Infection Control Today

NOV 2018

ICT delivers to infection preventionists & their colleagues in the operating room, sterile processing/central sterile, environmental services & materials management, timely & relevant news, trends & information impacting the profession & the industry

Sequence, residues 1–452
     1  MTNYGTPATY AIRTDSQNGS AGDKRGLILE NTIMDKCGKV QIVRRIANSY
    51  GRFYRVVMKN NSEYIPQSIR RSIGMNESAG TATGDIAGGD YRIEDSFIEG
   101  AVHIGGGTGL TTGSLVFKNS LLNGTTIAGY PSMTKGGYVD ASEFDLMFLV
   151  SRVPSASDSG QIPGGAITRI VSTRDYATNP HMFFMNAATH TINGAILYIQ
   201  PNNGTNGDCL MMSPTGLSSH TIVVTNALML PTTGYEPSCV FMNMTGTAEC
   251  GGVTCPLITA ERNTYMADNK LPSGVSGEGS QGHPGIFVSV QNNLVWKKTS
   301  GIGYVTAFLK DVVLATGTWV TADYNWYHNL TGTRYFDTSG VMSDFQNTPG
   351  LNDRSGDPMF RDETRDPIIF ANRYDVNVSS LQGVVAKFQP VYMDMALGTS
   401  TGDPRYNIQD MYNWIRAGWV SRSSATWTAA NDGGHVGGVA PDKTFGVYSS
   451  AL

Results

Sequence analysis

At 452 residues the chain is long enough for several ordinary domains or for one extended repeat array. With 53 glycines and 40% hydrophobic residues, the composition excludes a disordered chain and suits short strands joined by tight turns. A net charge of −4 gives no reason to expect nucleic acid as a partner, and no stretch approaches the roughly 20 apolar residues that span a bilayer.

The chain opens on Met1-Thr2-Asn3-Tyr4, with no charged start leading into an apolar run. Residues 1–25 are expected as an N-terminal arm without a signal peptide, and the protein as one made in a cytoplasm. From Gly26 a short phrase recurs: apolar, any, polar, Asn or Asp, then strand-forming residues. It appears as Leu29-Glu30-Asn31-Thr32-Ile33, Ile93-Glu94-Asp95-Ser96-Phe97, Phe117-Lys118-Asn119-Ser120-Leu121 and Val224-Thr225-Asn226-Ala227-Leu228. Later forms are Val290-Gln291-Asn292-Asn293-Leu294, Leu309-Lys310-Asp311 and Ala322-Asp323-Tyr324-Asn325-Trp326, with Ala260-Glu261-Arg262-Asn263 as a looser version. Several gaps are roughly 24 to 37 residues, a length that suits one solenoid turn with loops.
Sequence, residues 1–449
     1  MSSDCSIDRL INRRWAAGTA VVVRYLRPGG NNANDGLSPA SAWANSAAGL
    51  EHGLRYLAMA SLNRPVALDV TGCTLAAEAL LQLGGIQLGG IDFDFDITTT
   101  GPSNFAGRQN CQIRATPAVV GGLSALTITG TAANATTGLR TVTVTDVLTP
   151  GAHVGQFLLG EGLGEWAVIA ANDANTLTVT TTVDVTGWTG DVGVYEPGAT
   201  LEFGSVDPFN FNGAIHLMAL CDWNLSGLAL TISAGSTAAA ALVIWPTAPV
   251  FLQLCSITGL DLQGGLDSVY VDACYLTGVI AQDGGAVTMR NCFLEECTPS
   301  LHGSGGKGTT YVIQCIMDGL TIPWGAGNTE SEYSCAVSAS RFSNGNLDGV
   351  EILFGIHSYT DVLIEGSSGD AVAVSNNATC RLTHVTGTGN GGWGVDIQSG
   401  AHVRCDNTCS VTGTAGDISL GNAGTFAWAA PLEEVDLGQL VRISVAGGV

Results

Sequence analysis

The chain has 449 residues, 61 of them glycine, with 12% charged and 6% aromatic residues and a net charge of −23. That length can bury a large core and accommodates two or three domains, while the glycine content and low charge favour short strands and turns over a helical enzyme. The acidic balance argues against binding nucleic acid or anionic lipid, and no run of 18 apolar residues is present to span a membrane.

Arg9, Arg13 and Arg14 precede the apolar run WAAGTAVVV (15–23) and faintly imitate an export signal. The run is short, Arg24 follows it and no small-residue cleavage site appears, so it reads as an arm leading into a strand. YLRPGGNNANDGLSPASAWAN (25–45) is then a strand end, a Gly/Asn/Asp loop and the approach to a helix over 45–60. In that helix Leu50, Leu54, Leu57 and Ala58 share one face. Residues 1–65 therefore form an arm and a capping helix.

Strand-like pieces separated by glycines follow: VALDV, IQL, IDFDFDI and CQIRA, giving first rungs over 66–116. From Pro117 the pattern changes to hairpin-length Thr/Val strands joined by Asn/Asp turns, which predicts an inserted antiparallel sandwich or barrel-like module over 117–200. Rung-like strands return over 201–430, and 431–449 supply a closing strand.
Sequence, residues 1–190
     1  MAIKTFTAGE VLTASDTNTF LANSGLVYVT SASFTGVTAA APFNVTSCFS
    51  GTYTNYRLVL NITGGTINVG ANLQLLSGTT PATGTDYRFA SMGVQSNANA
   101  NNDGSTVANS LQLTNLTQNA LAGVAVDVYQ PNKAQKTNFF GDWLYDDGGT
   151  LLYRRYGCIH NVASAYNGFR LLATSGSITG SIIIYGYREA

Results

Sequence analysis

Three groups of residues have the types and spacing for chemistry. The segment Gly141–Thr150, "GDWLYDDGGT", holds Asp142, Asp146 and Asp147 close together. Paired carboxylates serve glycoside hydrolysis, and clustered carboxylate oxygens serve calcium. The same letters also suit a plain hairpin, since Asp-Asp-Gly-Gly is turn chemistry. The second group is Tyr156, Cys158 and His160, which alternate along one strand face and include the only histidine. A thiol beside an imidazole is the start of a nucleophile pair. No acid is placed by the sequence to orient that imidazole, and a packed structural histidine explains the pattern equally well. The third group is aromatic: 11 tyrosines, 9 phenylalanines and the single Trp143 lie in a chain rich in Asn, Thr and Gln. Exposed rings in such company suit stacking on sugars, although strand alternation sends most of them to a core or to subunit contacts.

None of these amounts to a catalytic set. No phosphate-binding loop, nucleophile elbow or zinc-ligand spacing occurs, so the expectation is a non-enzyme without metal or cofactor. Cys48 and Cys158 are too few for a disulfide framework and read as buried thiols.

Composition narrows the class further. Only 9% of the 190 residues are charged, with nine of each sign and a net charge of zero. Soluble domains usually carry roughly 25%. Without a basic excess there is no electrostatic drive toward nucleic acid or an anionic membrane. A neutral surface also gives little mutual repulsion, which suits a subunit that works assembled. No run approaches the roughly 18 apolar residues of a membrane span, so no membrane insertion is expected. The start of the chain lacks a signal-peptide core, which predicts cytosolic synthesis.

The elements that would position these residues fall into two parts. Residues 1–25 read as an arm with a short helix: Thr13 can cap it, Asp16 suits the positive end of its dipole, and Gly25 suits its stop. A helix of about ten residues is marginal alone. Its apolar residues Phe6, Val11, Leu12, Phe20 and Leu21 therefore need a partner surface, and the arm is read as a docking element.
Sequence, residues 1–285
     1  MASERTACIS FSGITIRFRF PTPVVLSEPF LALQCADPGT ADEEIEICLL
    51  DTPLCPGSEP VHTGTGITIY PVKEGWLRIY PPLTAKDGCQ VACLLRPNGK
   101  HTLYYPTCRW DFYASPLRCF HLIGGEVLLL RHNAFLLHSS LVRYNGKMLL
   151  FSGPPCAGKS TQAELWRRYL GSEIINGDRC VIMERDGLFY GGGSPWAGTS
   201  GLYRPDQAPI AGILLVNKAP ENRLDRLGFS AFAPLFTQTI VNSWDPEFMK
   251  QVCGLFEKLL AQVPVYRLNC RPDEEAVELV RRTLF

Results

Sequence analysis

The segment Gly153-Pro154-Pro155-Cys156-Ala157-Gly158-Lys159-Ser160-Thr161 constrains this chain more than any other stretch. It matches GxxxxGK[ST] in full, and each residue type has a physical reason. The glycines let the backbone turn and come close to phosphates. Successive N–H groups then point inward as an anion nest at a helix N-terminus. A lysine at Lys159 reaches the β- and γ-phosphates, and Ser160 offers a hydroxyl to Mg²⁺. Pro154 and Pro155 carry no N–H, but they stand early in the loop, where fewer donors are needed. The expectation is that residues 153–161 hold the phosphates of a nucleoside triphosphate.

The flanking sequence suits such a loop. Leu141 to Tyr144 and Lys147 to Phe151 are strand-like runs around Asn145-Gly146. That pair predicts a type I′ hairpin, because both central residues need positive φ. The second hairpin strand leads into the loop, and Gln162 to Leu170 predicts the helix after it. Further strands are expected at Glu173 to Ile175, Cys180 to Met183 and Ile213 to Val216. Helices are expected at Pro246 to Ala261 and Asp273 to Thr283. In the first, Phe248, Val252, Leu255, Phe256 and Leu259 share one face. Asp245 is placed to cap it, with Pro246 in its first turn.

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32 ICT November 2018 www.infectioncontroltoday.com contamination signifi cantly for all fl oor types and species tested. The log10 reduction was the highest for E. coli, followed by E. faecalis, S. aureus and C. diffi cile. Exposure of shoe soles to the UV-C device decreased contamination signifi cantly — a mean log10 reduction. Proportions of samples from furniture, bed and patient dummy samples decreased from 96 percent to 100 percent positive in controls to 5 percent to 8 percent positive in UV-C device experiments. Room decontamination robot s powered by U V- C can also play a role in fl oor decontamination. Mustapha, et al. (2018) demonstrated that manual post-discharge cleaning by environmental services personnel signifi cantly reduced fl oor contamination, and an automated ultraviolet C room disinfection device was effective as an adjunct to manual cleaning. During the study period, environmental services (EVS) personnel cleaned high-touch surfaces in all post-discharge rooms with bleach wipes, whereas fl oors were mopped with a quaternary ammoni- um-based disinfectant. Mop heads were changed between rooms. During admission, fl oors were cleaned only if visibly soiled. The researchers examined the effectiveness of fl oor cleaning and decontamination in rooms of a convenience sample of patients under contact precautions for MRSA colonization or infection. They collected cultures from the fl oor before post-discharge cleaning, after completion of manual post-discharge cleaning by EVS personnel, and after adjunctive use of a UV-C room decontamination device. The UV-C device was operated for 3- to 5-minute cycles by research personnel as recommended by the manufacturer. The cultures were collected from areas at three sites in the room, including just inside the door, beside the bed, and in the bathroom next to the toilet; separate but adjacent sites were sampled for the three time-points. The swabs were cultured for MRSA, C diffi cile, and Candida spp. They also assessed the effi cacy of the UV-C device for reducing MRSA on steel disks placed on the fl oor versus at a height of 0.91 m; the goal of this comparison was to determine if the UV-C device was as effective in killing bacteria on fl oors as at a height of 3 feet, which is the approximate height of bed rails and bedside tables that are typically cultured when evaluating the effi cacy of UV-C devices. The researchers found that of the 27 rooms cultured (81 total sites), the percentages with ≥1 positive precleaning fl oor cultures for MRSA, Candida spp, and C diffi cile were 33 percent (9/27), 30 percent (8/27), and 33 percent (9/27), respectively. For each of the pathogens, Mustapha, et al. (2018) discovered there was a statistically significant reduction in the percentage of positive cultures after cleaning by EVS personnel; for Candida spp and C diffi cile, all fl oor cultures were negative after EVS cleaning. For MRSA, 9 percent (7/81) of fl oor sites had positive cultures after EVS cleaning versus 1 percent after operation of the UV-C device. As Mustapha, et al. (2018) summarize, "A s has been r e p o r t e d p r e v i o u s l y, w e found that floors in patient rooms prior to post-discharge cleaning were fre quentl y contaminated with important h e a l t h c a r e – a s s o c i a t e d pathogens. We demonstrated that manual post-discharge cleaning by EVS personnel in our facility significantly reduced floor contamination with MRSA, Candida spp, and C difficile. A UV-C room decontamination device was effective in reducing floor contamination in laboratory testing and reduced residual MRSA contamination on floors in patient rooms. These findings suggest that manual cleaning can be effective in reducing floor contamination in health care facilities and UV-C may be useful as an adjunctive measure." They continue, "One caveat of our findings is that the efficacy of manual cleaning in reducing floor contamination is likely to vary with different cleaning products and with differences in the quality of cleaning by EVS personnel. In our facility, ongoing interventions are in place to monitor and improve cleaning per formance by EVS personnel. In addition, floors are mopped with a quaternar y ammonium – based disinfectant and mop heads are changed between rooms. In contrast, Wong et al. demonstrated that aerobic colony counts on floors increased after manual cleaning when a neutral detergent was used, and the solution and mop head were only changed after every third room. Although we found that manual cleaning resulted in a reduction in C difficile floor contamination, the reduction must be attributable to mechanical removal because quaternary ammonium disinfectants have no activity against spores. If mop heads are not changed between rooms, spores could easily be transferred from room to room." References: Ali Z, Qadeer A and Akhtar A. To determine the effect of wearing shoe covers by medical staff and visitors on infection rates, mortality and length of stay in intensive care unit. Pak J Med Sci. 2014 Mar-Apr; 30(2): 272–275. Ayliffe GAJ, Collins BJ, Lowbury EJL, Babb JR, Lilly HA. Ward fl oors and other surfaces as reservoirs of hospital infection. J Hyg (Camb). 65:515537. 1967. Accessible at: https://www.ncbi.nlm.nih.gov/pmc/ articles/PMC2130399/pdf/jhyg00106-0081.pdf Ayliffe GAJ, Collins BJ and Lowbury EJL. Cleaning and disinfection of hospital fl oors. Brit Med. J. 2:442. 1966. Chang HH, Dordel J, Donker T, Worby CJ, Feil EJ, Hanage WP, Bentley SD and Huang SS, et al. Identifying the effect of patient sharing on between hospital genetic differentiation of methicillin-resistant Staphylococcus aureus. Genome Med 8, 18. 2016. Deshpande A, Cadnum JL, Fertelli D, Sitzlar B, Thota P, Mana TS, Jencson A, Alhmidi H, Koganti S, Donskey CJ. Are hospital fl oors an underappreciated reservoir for transmission of healthcare-associated pathogens. Am J Infect Cont, 2017; 45: 336-338. Galvin, et al. Patient shoe covers: Transferring bacteria from the fl oor onto surgical bedsheets. Am J Infect Control, 2016; 44: 1417-1419. Gupta A, Anand AC, Chumber SK, Sashindran VK and Patrikar SR. Impact of Protective Footwear on Floor and Air Contamination of Intensive Care Units. Medical Journal Armed Forces India. Vol. 63, No. 4. Pages 334-336. October 2007. Jensen R. Developing a hospital fl oor cleaning program. Health Facilities Management. May 4, 2016. Accessible at: https://www.hfmmagazine. com/articles/2176-developing-a-hospital-fl oor- cleaning-program Koganti, et. al. Evaluation of hospital fl oors as a potential source of pathogen dissemination using a nonpathogenic virus as a surrogate marker. Infect Cont & Hosp Epidemiol, 2016: 37 (11): 1374-1377. Langsrud S, Seifert L and Møretrø T. Characterization of the microbial fl ora in disinfecting footbaths with hypochlorite. J Food Prot 69, 2193–2198. 2006. Mahida and Boswell. Non-slip socks: A potential reservoir for transmitting multidrug resistant organisms in hospitals. J of Hosp Infect, 2016; 94: 273-295. Mustapha A, Alhmidi H, Cadnum JL, Jencson AL, Donskey CJ. Effi cacy of manual cleaning and an ultraviolet C room decontamination device in reducing healthcare-associated pathogens on hospital fl oors. Am J Infect Control. May;46(5):584-586. 2018. Rashid T, Poblete K, Amadio J, Hasan I, Begum K, Alam MJ and Garey KW. Evaluation of a shoe sole UVC device to reduce pathogen colonization on fl oors, surfaces and patients. J Hosp Infect. Jan;98(1):96-101. 2018. Rashid T, VonVille HM, Hasan I and Garey KW. Shoe soles as a potential vector for pathogen transmission: a systematic review. J Appl Microbiol. Nov;121(5):1223-1231. 2016. Ò One caveat of our f ndings is that the ef cacy of manual cleaning in reducing f oor contamination is likely to vary with y dif erent cleaning products and with dif erences in the quality of cleaning by EVS personnel.